For those who have never tried Wallwisher before, it is very easy to use. To get started simply go to Wallwisher.com and click "build a wall." Then title your wall, choose a URL for your wall, enter your name and email, and start adding sticky notes to the wall. Sticky notes added to a Wallwisher wall can contain up to 160 characters of text plus links to images and videos. You can choose to make your wall private or public. If you choose the public option anyone can quickly add sticky notes to your wall. If you want to approve additions to the wall before they appear, that's an option too. Choosing the public settings is allows for the quickest set-up and use of Wallwisher as you only need to give students the URL of your wall in order for them to add notes to the wall.

Also from April 2010.
Tom Barrett has a slideshow about Wallwisher in his Interesting Ways Series. Currently, there are nineteen ideas in the slideshow. If you have more ideas to add, contact Tom Barrett using the contact information in the last slide. The slideshow is embedded below.

Friday, April 1, 2011

Primary Wall - A Sticky Note Wall for Young Students

It seems like every week I come across a new collaborative sticky note service. The latest that I've learned about is Primary Wall. Primary Wall is designed with elementary school students in mind. To use it students just have to go to the url for the wall you've created and click "add a note" or double click on the wall to start writing notes. Students can title their notes and attach their names (first name only please) to a note. Learn more about Primary Wall in the video below.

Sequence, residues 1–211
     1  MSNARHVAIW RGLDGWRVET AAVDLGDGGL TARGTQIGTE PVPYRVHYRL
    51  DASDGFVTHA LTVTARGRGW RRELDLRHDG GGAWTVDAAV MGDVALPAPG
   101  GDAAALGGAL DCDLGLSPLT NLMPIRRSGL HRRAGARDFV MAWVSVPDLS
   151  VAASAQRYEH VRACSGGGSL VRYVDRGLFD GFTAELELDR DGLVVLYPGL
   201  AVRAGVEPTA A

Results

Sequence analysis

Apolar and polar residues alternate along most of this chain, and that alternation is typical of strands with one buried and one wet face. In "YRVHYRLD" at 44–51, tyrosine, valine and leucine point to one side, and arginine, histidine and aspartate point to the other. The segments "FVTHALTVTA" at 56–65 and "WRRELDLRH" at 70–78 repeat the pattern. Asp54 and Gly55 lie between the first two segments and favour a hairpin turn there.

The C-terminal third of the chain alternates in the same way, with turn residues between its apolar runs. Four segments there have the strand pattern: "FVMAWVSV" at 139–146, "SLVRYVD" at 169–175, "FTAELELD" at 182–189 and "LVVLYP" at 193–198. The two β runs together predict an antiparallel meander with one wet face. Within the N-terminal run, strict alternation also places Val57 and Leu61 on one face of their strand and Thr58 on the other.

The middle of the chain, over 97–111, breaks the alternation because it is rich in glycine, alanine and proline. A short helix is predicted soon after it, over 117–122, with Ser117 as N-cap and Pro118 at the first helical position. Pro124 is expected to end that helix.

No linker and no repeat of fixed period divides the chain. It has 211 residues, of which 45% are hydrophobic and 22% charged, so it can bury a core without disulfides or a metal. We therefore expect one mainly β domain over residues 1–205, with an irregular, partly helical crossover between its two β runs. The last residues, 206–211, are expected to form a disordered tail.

Thanks to Danny Nicholson for writing about Primary Wall on his Whiteboard Blog.

Applications for Education
Sticky note walls like Primary Wall or Wallwisher can be useful for hosting collaborative brainstorming sessions, asking questions, and sorting ideas. Primary Wall lists some other ideas for classroom use in their teacher section. Whether you use Primary Wall or another sticky note service, the first time you try it your students might be tempted to post some non-sense notes or move other students' notes. Just as with any other classroom behavior expectation, it's important to have a conversation with your students about the way they should use the wall and respect for each other's ideas.

Sunday, January 16, 2011

Drop Mocks - A Simple Way to Share Image Galleries

Drop Mocks just might be the simplest tool for constructing an image gallery and slideshow that I've come across since I started Free Technology for Teachers. To create an image gallery with Drop Mocks just go to their site and drag images from your desktop onto the Drop Mocks canvas. Then click on an image to have it featured while the other images are blurred in the background. Click another image and it will come into clear view while the previously featured image fades back into the background. You can share your Drop Mocks gallery by giving people the url assigned to it. To create and save multiple galleries sign into Drop Mocks using your Google Account.
My Drop Mocks gallery of four screenshot images.
Update: Thanks to Kathy for leaving the comment that Drop Mocks does not work with Safari. 


Applications for Education
The students in my special education class are currently researching the stories behind images of the US Civil War. My students are placing the images on a Wall Wisher wall which they will share with their classmates and eventually give a short presentation to the class on the stories behind their favorite images. I chose to use Wall Wisher for this assignment, but had I discovered Drop Mocks just a few days earlier I probably would have had my students use it.